• A traditional IRA is available to all employees where taxes are paid on the back-end.
  • Roth IRA is a spin on the traditional IRA where your money grows tax-free because you contribute after-tax dollars.
  • Spousal IRA allows the sources of workers also to fund an IRA.
  • Rollover IRA is created if you move funds from another account, like a 401(k), to a new IRA account.
  • SEP IRA is similar to a traditional IRA but specifically designed for small business owners or the self-employed.
  • SIMPLE IRA is perfect for small business owners who want to set up an inexpensive retirement plan for their team.

Contribution Limits for IRAs

“According to the IRS, income limits are based on modified adjusted gross income,” explains Chalmers Brown in another Due article. “For instance, if you’re single, you’re eligible as long as you have a MAGI of less than $124,000. If so, then you are permitted to contribute the maximum amount of $6,000 ($7,000 if age 50 or older) to a Roth IRA.”

“If you earn more than that, you can still contribute to a reduced amount,” adds Chalmers. “The catch? Your MAGI must be between $124,000 and $139,000. But, once you cross that $139,000 amount, you’re no longer eligible.”

“Married couples with a modified Adjust Gross Income (AGI) of less than $196,000 can also contribute up to the limit,” Chalmers says. “If your AGI is between $196,000 and $206,000, then you may qualify to make reduced contributions. Couples with an AGI of $206,000 or higher do not meet the criteria.”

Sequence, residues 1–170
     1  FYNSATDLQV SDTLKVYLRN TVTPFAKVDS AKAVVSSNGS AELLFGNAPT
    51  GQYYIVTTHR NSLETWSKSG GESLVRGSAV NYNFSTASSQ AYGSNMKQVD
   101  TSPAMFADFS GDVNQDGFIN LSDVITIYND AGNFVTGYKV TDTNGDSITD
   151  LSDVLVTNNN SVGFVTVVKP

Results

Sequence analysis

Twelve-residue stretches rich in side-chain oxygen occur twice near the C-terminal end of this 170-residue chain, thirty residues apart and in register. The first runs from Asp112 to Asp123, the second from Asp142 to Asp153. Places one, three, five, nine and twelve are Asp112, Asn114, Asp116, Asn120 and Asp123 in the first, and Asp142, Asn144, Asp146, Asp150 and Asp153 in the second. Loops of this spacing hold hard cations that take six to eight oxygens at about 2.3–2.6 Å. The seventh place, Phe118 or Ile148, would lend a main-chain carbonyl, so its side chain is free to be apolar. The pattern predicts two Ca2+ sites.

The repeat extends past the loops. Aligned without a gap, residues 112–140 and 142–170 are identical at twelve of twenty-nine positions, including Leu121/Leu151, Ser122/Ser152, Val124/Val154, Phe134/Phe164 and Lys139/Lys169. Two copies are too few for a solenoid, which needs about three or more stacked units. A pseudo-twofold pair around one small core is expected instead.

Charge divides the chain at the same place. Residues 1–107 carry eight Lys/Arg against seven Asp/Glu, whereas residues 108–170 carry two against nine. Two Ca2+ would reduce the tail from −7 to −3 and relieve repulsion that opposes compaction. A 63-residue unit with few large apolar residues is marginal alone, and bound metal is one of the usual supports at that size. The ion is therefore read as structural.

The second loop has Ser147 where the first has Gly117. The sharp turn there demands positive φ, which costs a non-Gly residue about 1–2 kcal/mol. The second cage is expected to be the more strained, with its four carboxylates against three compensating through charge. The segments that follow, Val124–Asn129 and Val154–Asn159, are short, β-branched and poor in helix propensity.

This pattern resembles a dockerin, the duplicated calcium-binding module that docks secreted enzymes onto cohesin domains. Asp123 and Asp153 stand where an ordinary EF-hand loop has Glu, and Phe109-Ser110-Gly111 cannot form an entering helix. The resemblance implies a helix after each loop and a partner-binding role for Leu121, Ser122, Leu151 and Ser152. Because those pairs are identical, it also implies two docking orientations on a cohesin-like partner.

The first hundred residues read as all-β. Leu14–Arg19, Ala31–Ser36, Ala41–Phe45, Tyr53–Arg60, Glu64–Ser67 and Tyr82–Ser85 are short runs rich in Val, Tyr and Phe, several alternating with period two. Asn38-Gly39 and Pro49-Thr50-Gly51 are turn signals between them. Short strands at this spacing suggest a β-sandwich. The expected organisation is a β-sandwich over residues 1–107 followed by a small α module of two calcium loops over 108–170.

Are There Any Other Retirement Options?

In addition to a DC or IRA, you may also want to explore retirement plans like:

  • A solo 401(k), aka Solo-k, meant for a business owner and his or her spouse that allows you to pick your tax advantage. Sole proprietors, independent contractors, and freelancers all fall under this umbrella.
  • Guaranteed income annuities (GIAs) are annuities that individuals can purchase to create their own pension.
  • Profit-sharing plans may be offered to employees as an incentive to reward loyalty and productivity.
  • The Federal Employees Retirement System (FERS) is a retirement-planning tool consisting of a basic defined plan, Social Security, and the Thrift Savings Plan (TSP).
  • Cash-balance plans are a variation of a defined benefit or pension plan. The difference is that you are promised a hypothetical account balance. It’s often based on your contribution credits and investment credits.
  • General investment options via robo-advisors or online stockbrokers like Ally Invest.